Recombination in enteroviruses is a biphasic replicative process involving the generation of greater-than genome length 'imprecise' intermediates
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Recombination in enteroviruses provides an evolutionary mechanism for acquiring extensive regions of novel sequence, is suggested to have a role in genotype diversity and is known to have been key to the emergence of novel neuropathogenic variants of poliovirus. Despite the importance of this evolutionary mechanism, the recombination process remains relatively poorly understood. We investigated heterologous recombination using a novel reverse genetic approach that resulted in the isolation of intermediate chimeric intertypic polioviruses bearing genomes with extensive duplicated sequences at the recombination junction. Serial passage of viruses exhibiting such imprecise junctions yielded progeny with increased fitness which had lost the duplicated sequences. Mutations or inhibitors that changed polymerase fidelity or the coalescence of replication complexes markedly altered the yield of recombinants (but did not influence non-replicative recombination) indicating both that the process is replicative and that it may be possible to enhance or reduce recombination-mediated viral evolution if required. We propose that extant recombinants result from a biphasic process in which an initial recombination event is followed by a process of resolution, deleting extraneous sequences and optimizing viral fitness. This process has implications for our wider understanding of 'evolution by duplication' in the positive-strand RNA viruses.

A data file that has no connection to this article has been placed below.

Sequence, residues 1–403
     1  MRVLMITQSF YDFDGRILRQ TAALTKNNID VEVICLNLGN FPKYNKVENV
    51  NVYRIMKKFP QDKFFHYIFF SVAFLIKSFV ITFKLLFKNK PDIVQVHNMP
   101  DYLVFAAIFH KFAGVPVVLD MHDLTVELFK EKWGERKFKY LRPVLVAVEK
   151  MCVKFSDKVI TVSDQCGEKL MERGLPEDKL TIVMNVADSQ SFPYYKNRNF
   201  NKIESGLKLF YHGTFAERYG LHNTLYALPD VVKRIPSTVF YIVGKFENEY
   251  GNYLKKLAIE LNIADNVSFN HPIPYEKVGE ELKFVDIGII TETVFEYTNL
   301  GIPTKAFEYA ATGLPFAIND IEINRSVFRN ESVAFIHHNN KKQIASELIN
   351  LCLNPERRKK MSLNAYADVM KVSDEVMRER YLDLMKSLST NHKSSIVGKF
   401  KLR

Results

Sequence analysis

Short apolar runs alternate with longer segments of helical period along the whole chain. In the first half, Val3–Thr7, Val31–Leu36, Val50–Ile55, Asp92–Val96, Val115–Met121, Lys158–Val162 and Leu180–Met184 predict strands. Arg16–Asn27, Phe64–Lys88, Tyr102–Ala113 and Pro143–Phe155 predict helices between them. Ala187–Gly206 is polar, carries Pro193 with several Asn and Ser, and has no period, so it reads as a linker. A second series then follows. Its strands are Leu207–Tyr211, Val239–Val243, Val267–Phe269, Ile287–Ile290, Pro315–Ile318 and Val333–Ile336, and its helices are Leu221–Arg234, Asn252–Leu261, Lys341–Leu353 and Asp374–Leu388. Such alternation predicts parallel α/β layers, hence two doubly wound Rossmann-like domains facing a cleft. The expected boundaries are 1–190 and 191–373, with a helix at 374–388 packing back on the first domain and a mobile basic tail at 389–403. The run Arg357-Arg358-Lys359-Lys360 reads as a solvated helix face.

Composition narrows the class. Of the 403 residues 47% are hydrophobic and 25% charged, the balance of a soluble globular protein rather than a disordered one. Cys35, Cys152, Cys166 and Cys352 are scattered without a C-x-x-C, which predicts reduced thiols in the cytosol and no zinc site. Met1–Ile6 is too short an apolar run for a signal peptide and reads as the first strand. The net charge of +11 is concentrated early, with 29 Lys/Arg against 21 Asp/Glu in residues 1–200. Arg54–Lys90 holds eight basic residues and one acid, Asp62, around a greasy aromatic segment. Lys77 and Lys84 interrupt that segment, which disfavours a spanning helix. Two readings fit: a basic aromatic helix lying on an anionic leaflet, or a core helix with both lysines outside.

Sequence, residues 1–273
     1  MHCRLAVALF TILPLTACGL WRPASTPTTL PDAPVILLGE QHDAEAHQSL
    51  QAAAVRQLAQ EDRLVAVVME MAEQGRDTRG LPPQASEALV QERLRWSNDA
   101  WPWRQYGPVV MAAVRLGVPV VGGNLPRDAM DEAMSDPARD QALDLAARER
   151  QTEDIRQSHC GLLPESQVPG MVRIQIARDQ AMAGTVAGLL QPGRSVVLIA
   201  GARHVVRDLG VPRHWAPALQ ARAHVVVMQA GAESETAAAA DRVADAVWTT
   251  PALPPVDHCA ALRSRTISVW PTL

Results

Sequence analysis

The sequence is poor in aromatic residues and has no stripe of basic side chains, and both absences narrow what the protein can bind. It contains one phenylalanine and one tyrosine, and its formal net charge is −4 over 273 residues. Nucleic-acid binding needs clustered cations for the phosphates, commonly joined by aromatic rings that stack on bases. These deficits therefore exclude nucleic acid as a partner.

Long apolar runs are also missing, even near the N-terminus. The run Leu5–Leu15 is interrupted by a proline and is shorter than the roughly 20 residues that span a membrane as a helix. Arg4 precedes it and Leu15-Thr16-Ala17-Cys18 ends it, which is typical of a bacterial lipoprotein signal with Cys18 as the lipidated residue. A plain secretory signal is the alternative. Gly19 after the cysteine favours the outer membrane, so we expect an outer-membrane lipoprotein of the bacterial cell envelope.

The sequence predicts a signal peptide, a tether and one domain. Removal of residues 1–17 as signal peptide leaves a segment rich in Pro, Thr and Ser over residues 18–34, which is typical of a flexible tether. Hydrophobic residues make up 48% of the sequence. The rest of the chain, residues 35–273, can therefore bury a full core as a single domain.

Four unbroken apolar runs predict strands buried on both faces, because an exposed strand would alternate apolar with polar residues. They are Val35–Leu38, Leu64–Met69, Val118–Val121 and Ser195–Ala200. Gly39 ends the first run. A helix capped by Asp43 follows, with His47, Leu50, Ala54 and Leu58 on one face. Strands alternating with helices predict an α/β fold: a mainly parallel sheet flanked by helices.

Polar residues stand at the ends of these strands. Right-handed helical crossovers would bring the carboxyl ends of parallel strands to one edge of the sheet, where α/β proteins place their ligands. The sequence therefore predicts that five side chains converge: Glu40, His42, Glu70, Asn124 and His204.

Lowry , K , Woodman , A , Cook , J & Evans , D J 2014 , ' Recombination in enteroviruses is a biphasic replicative process involving the generation of greater-than genome length 'imprecise' intermediates ' , PLoS Pathogens , vol. 10 , no. 6 , e1004191 . https://doi.org/10.1371/journal.ppat.1004191
Copyright: © 2014 Lowry et al. This is an open-access article distributed under the terms of the Creative Commons Attribution License, which permits unrestricted use, distribution, and reproduction in any medium, provided the original author and source are credited.
DescriptionKL was funded by a University of Warwick postgraduate studentship. AW was funded by a postgraduate studentship from the Biotechnology and Biological Sciences Research Council (http://www.bbsrc.ac.uk/). DJE acknowledges continuing support from the Medical research Council (http://www.mrc.ac.uk/) on grants #G0401584 and #G1100139.
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